Discography: The Who

I always come up with some ambitious idea and never really keep up with it, but while new albums trickle in, I will be going back to my favorite artists and picking out key moments on record in a new series called Discography. I know, boring name, right? Don't have the creative juice to jazz that up just now.

What better way to start then with my all-time favorite group, The Who. Each album will get a short write up and a rating of some sort. Think of this as a rip off/watered down version off A.V. Club's Primer. This won't include every single release, but at least for The Who it will include all studio records AND one live record, integral to the listening experience of the band.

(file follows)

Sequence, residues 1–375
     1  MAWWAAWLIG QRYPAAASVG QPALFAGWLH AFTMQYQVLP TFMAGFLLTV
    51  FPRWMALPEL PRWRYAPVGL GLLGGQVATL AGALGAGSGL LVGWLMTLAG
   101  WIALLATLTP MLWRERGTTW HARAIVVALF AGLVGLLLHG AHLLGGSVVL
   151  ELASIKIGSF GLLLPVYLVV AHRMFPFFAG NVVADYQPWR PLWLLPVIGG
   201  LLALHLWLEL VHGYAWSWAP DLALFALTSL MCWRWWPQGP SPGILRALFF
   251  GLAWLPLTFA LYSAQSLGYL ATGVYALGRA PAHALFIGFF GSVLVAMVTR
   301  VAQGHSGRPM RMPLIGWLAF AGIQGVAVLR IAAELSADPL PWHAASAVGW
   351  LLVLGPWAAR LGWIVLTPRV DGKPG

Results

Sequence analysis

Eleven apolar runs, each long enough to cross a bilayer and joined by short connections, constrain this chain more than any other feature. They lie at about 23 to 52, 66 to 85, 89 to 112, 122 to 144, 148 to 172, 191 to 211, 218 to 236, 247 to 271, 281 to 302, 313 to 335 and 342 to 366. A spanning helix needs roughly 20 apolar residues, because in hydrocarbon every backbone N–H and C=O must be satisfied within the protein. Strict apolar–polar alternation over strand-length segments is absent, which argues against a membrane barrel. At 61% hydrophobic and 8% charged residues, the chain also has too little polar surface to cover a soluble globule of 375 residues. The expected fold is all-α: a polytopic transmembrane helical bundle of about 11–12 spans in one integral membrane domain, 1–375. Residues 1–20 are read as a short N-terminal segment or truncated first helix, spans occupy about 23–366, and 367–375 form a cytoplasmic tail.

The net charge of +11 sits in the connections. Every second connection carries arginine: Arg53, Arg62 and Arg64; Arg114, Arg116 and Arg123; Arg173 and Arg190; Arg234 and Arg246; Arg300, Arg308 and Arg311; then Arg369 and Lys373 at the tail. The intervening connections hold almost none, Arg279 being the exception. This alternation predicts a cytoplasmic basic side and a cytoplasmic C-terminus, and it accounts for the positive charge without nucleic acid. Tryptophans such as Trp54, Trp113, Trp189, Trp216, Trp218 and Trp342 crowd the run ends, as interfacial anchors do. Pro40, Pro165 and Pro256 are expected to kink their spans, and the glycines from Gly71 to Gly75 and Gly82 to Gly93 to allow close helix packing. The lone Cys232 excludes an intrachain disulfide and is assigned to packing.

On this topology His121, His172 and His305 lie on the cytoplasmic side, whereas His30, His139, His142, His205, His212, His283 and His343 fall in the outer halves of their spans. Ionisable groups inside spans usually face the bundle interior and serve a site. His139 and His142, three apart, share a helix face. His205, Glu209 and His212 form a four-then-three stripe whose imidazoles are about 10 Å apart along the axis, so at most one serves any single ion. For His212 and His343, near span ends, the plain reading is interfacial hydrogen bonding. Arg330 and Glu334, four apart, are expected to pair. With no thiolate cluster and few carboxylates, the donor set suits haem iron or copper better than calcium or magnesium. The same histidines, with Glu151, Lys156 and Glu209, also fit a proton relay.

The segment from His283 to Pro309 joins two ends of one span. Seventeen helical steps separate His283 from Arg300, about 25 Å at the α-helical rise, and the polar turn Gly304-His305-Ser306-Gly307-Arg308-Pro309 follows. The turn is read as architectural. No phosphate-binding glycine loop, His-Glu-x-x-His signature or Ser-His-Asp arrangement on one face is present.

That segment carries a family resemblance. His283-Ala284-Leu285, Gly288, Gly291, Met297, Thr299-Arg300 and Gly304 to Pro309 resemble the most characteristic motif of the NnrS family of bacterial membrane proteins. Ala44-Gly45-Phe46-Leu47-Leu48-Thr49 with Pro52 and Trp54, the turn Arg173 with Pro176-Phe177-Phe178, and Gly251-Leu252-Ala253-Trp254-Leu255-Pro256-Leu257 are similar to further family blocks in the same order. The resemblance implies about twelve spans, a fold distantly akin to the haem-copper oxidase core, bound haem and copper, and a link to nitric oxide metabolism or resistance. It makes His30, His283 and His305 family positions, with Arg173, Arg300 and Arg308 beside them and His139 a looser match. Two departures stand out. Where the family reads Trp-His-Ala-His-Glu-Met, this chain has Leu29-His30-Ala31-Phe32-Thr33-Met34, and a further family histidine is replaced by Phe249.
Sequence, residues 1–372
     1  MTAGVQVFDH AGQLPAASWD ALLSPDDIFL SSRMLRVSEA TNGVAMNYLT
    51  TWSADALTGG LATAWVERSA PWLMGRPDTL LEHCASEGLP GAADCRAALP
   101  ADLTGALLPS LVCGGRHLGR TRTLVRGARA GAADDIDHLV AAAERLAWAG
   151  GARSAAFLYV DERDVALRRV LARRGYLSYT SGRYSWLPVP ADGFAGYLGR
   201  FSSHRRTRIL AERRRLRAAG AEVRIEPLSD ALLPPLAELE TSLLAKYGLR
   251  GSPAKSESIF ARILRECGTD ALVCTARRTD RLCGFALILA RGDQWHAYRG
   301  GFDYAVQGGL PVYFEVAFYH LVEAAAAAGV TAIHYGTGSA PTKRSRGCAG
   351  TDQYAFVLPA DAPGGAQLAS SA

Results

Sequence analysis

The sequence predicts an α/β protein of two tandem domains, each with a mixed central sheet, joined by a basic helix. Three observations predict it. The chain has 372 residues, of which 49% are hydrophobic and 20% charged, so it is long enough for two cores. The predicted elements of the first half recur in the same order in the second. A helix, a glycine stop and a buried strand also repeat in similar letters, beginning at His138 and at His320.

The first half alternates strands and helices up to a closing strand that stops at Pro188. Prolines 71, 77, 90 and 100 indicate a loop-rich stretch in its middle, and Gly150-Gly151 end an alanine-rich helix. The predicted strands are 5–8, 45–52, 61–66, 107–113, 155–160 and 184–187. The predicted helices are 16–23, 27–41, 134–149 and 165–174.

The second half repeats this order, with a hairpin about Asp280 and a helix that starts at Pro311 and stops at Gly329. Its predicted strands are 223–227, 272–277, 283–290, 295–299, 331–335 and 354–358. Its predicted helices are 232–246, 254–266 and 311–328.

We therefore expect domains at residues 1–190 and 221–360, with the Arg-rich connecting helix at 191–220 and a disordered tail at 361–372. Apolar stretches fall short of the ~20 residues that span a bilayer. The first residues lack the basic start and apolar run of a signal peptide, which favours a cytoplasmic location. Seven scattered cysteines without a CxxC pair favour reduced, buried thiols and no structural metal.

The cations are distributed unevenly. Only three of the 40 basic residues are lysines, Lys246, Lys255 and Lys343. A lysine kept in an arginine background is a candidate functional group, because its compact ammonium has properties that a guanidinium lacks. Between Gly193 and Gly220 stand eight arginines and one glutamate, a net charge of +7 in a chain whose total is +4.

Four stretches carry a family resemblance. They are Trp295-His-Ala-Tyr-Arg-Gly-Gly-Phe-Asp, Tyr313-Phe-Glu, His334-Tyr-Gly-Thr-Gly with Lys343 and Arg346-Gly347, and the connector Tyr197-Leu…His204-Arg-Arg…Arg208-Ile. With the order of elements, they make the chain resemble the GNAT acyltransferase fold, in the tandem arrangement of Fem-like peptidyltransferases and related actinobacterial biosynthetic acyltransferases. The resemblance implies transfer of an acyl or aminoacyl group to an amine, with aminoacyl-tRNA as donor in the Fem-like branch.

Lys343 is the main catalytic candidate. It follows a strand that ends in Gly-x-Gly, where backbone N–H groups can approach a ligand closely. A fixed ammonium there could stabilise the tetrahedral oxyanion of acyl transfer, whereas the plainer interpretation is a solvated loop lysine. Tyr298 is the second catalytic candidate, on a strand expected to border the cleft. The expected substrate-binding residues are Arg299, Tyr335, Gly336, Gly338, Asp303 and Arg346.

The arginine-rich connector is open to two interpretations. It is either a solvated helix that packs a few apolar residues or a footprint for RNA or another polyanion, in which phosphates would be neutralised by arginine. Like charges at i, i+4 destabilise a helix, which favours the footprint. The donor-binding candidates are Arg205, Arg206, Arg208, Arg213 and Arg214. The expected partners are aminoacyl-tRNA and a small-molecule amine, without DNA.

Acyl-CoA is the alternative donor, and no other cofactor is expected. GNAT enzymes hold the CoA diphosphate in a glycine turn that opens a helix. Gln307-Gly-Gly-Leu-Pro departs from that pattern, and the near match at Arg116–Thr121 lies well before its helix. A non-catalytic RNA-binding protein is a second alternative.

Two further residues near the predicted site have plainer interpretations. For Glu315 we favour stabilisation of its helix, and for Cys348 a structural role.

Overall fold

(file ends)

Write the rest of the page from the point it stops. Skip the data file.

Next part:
My Generation - (1965) - The Who's debut is an explosive piece of 60's mod rock. The album sprawls and shows a band in it's early phase. This record is the definition of Maximum R&B. Moon and Entwistle carry this record, which was the moniker of The Who's early career. The fuzz and distortion all over this record and the power the band has is obviously best described through easily their one song everyone knows, "My Generation."
Other great take-aways are "The Kids Are Alright" and "A Legal Matter." The sense of Pete Townshend's British wit and his sense of the mod scene is prevalent in these lyrics as they are all for the rebellious youth of the mod culture.

Key Tracks: "My Generation", "The Kids Are Alright", "A Legal Matter", "The Ox"